Insignis Sophiae Arcator
Medieval Latin Studies in Honour of Michael Herren on his 65th Birthday
Gernot R. Wieland, Carin Ruff, Ross G. Arthur (eds)
- Pages: 304 p.
- Size:160 x 250 mm
- Illustrations:7 b/w
- Language(s):English, Latin
- Publication Year:2006
- € 55,00 EXCL. VAT RETAIL PRICE
- ISBN: 978-2-503-51425-3
- € 55,00 EXCL. VAT RETAIL PRICE
- ISBN: 978-2-503-53827-3
The essays here gathered focus, though not exclusively, on the insular Latin of Ireland and England, as well as on some Irish centres on the Continent such as St. Gall.
Some thirty years ago Michael Herren burst on the medieval Latin scene with his edition and translation of the notoriously difficult Hisperica Famina, and followed this a few years later with his translation of the prose works of Aldhelm. Notice was given that a junior scholar, unafraid to tackle some of the most obscure, complex, and arcane Latin, wished to make it accessible to non-Latinists as well as to those Latinists who lacked his particular skills. Not content with labouring alone in that field, Herren gathered scholars in Toronto to a conference on “Insular Latin Studies,” the proceedings of which he published two years later. Over the years he shed considerable light on such obscure texts and authors as Virgilius Maro Grammaticus, John Scottus Eriugena, and the Cosmographia by the pseudonymous Aethicus Ister. His research trail led him again and again to Ireland, and the Irish contribution to early medieval Latinity and to English, Carolingian, and even Italian culture. Recognizing the rich diversity of medieval Latin, Herren in 1990 founded The Journal of Medieval Latin and has, as its editor, provided a home for medieval Latinists of all stripes.
The fourteen colleagues and former students who have contributed to the present volume wish to express their thanks to Herren for creating a venue in which medieval Latinists can come together, exchange ideas, learn from each other, and teach each other. In their careers, they have all learned from Herren who either supervised their theses or performed editorial magic on articles submitted to The Journal of Medieval Latin. The essays here gathered focus, though not exclusively, on the insular Latin of Ireland and England, as well as on some Irish centres on the Continent such as St. Gall. The Hisperica Famina, so strongly associated with Herren, though mentioned only in passing by some of the studies here, provides the half-line which was chosen as the title and the most suitable address to Herren: insignis sophiae arcator – “excellent teacher of wisdom.”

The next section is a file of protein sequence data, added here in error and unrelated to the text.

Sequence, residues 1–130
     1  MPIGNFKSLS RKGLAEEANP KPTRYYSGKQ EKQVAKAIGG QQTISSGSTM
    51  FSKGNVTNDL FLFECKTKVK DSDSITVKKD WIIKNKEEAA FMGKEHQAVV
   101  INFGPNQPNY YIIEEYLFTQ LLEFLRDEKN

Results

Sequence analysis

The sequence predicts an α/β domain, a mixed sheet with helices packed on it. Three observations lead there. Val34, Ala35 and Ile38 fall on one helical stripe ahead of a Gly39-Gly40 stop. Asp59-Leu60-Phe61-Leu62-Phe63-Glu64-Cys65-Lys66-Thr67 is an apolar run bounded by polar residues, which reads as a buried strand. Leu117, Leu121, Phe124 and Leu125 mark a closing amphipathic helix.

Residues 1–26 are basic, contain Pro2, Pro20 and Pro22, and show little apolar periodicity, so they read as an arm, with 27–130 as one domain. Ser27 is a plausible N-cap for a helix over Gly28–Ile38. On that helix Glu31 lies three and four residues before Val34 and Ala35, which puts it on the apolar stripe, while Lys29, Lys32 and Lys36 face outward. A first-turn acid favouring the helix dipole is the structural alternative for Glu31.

Gregory Hays, Flumen Orationis – Haijo Jan Westra, Frisians, Saxons, and Franks: Ethnogenesis and Ethnic Identity in Roman and Early Medieval Sources – Scott G. Bruce, Hagiography as Monstrous Ethnography: A Note on Ratramnus of Corbie's Letter Concerning the Conversion of the Cynocephali – Danuta Shanzer, The ‘Cosmographia’ Attributed to Aethicus Ister as ‘Philosophen’ or ‘Reiseroman’ – Westley Follett, Cassian, Contemplation, and Medieval Irish Hagiography – Bernice M. Kaczynski, Reading and Writing Augustine in St. Gall – Brent Miles, Irish Evidence for Shared Sources of Classical Mythology in Anglo-Saxon England and Medieval Ireland – Jan M. Ziolkowski, Blood, Sweat and Tears in the ‘Waltharius’ – Carin Ruff, The Perception of Difficulty in Aldhelm's Prose – Gernot R. Wieland, A New Look at the Poem 'Archalis Clamare Triumuir' – Charles D. Wright, The ‘Prouerbia Grecorum’, the Norman Anonymous, and the Early Medieval Ideology of Kingship: Some New Manuscript Evidence – Roger Wright, Latin Glossaries in the Iberian Peninsula – Greti Dinkova-Bruun, Peter Riga's ‘Aurora’ and its Gloss from Salzburg, Stiftsbibliothek Sankt Peter, Ms. A.VII.6 – Paul Gerhard Schmidt, ‘Narrationes mirabiles’: Geistliche Unterhaltungsliteratur in einer Handschrift des Zisterzienserklosters Quarr – Bibliography of Michael Herren's Publications